THERE have been calls for car parking charges to be lifted during the current lockdown to help support key workers.
Derry City and Strabane District Council has responsibility for four ‘pay and display’ off-street car parks in the town, namely Upper and Lower Main Street, John Wesley Street and Butcher Street.
The Department for Infrastructure (DfI) have responsibility for on-street car parking.
Ulster Unionist Alderman, Derek Hussey, made the suggestion at last Wednesday's meeting of council's Environment and Regeneration Committee.
"It is my understanding that during the first lockdown car parking fees were lifted on the council car parks," he said.
“If that was true would it be something council should consider now in the second lockdown and I'm particularly mindful that the majority of the traffic should be workers who have no other option than to be at their work.
“They are key workers and in some way we should be giving encouragement to them with regards to the essential work they are doing in our community.”
Responding to the comments, Karen Phillips, director of Environment and Regeneration, said car parking is managed by the council's Business and Culture section, adding that she would contact the director on the issue.
“I do believe that there was some flexibility around car parking charges during the first lockdown," Ms Phillips said.
“Clearly it would be something that members could consider at full council if they wanted to.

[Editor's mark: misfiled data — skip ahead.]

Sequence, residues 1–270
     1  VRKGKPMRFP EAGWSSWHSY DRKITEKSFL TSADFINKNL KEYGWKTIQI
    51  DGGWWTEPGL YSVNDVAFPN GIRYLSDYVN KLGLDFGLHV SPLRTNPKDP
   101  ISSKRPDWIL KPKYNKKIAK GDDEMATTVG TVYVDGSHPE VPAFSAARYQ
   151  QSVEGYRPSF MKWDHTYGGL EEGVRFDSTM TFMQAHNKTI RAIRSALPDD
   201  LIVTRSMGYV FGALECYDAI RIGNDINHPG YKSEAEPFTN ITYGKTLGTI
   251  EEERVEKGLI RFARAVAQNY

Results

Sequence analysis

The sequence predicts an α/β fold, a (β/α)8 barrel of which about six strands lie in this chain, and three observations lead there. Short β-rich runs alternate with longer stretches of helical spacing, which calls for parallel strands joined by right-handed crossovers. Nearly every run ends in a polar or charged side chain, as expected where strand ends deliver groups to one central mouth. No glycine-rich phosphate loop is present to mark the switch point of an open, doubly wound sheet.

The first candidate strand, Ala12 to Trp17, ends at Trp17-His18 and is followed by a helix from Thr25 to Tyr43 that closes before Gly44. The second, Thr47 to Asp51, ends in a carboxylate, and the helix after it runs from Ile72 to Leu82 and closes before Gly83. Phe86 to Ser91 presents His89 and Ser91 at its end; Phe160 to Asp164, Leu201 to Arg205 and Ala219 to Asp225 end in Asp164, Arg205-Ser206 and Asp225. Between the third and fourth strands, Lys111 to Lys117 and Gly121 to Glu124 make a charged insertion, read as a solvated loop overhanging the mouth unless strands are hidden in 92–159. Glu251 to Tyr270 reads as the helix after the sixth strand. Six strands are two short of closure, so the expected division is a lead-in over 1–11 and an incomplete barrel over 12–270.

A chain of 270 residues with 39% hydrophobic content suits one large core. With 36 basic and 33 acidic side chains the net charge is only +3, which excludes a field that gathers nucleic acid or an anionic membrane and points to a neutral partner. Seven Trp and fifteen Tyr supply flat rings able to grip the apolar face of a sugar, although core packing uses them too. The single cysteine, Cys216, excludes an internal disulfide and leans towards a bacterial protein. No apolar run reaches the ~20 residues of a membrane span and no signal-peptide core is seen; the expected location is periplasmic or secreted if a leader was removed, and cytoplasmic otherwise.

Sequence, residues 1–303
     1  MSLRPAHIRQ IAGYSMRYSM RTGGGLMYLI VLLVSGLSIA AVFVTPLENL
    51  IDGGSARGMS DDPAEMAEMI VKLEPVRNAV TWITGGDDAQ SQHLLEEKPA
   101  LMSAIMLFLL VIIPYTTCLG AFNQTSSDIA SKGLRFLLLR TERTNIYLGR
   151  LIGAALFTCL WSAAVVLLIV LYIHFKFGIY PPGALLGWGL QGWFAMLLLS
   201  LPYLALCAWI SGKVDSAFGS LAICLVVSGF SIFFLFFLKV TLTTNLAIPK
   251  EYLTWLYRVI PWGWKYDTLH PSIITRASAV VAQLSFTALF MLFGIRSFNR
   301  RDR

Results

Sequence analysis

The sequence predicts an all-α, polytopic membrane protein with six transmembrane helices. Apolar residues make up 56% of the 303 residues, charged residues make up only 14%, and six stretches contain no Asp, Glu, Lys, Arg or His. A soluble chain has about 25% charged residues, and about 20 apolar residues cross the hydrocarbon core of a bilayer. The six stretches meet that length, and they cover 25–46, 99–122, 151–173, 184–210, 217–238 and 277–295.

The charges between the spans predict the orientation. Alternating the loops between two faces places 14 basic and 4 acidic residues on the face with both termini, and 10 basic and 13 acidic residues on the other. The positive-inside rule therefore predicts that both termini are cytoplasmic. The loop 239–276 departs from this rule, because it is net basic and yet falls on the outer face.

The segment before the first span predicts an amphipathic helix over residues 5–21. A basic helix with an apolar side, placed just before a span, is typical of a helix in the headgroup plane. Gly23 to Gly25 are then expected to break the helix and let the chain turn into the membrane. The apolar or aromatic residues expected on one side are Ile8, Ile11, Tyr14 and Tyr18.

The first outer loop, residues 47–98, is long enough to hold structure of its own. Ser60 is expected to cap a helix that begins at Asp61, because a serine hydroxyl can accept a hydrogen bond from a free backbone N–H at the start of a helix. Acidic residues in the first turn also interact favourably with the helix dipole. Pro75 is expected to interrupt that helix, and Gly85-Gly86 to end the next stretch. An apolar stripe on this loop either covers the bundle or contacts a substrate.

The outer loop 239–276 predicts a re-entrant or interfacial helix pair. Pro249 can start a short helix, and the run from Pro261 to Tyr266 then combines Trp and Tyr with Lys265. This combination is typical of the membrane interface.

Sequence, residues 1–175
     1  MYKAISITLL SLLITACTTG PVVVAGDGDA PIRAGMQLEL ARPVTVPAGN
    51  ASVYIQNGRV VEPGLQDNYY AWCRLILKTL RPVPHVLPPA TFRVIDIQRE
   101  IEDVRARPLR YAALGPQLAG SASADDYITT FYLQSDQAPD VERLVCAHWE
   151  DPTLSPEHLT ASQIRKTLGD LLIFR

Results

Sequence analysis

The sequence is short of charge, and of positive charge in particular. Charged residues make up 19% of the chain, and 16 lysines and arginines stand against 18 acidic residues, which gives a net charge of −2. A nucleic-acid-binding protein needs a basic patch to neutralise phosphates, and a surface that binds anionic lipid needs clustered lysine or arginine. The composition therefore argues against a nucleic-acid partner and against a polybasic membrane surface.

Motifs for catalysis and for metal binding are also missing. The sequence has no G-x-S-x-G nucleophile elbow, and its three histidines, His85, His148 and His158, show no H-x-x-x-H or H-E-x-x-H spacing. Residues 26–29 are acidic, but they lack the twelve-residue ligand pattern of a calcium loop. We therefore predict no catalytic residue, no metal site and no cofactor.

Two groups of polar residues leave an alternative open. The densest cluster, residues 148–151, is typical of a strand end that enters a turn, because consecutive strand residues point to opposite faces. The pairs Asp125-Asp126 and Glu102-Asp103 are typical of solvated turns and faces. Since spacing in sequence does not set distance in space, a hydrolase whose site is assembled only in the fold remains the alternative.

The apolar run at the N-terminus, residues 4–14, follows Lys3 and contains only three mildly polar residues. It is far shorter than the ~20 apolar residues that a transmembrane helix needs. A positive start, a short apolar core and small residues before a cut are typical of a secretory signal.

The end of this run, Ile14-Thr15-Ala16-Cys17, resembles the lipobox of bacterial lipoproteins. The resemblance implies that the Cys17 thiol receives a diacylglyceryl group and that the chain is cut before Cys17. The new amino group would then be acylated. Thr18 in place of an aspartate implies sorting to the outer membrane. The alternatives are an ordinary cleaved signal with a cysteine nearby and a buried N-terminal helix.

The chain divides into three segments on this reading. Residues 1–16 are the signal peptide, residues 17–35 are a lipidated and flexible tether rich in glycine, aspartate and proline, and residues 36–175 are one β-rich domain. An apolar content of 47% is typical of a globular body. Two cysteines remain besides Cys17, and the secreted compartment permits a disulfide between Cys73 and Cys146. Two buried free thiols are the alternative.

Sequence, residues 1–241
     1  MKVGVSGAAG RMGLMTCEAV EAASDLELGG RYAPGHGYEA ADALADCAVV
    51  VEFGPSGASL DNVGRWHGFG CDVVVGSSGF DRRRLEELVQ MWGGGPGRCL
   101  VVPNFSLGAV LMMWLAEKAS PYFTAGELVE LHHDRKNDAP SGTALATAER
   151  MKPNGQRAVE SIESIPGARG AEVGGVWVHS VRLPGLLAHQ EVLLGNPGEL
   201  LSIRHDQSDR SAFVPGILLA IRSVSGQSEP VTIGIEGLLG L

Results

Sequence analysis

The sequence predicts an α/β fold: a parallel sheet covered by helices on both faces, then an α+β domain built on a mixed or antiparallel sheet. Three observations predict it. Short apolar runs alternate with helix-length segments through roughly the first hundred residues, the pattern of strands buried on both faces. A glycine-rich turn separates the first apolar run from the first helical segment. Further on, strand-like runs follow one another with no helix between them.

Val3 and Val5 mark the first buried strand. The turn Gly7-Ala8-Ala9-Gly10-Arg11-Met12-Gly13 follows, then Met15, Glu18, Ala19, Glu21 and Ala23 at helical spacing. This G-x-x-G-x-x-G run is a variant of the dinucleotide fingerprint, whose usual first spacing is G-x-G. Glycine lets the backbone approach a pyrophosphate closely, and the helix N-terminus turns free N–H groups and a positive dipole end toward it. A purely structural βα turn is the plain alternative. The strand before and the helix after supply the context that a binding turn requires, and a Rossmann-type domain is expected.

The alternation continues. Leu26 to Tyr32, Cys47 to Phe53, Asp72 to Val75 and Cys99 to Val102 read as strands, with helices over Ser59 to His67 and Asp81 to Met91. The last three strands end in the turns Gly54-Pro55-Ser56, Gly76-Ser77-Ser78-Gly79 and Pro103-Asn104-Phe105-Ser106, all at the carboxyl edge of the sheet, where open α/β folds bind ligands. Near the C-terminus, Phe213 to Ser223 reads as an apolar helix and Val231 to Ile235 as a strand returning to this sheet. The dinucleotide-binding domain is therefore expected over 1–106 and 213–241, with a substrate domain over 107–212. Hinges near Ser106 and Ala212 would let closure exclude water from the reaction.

“Obviously, the team would need to bring forward the financial implications of that and that would all have to be balanced against the cost around enforcement etc.”
Meanwhile, West Tyrone Sinn Féin MLA., Nicola Brogan, said she has also asked the Minister for Infrastructure, Nichola Mallon, to relax current restrictions around on-street car parking regulations to facilitate direct parking access to essential services especially for vulnerable people and the elderly.
“I, along with other party colleagues, have been contacted by constituents who have received parking fines while trying to access essential services such as the chemist and Post Office," she said.
“Some of those in receipt of such parking fines are vulnerable and elderly with acute mobility problems necessitating parking as close as possible to these essential services.
“They mistakenly believed that the easing of on-street restrictions that applied during the first lockdown had once again been reintroduced."
Ms Brogan said questions are also being asked "what the logic is for traffic wardens to be on duty when the current Health Protection Regulations means the town should be quieter."
“I have submitted a request to the DfI Minister on this issue and would urge her to return to the same position adopted during the first lockdown, in relaxing the restrictions for on-street parking," she added.